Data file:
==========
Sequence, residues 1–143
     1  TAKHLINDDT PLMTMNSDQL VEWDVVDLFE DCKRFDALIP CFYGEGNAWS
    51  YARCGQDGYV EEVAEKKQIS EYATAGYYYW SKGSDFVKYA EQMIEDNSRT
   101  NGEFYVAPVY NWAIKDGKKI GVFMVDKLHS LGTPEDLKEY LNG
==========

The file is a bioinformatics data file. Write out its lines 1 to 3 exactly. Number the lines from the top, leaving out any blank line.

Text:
Sequence, residues 1–143
     1  TAKHLINDDT PLMTMNSDQL VEWDVVDLFE DCKRFDALIP CFYGEGNAWS
    51  YARCGQDGYV EEVAEKKQIS EYATAGYYYW SKGSDFVKYA EQMIEDNSRT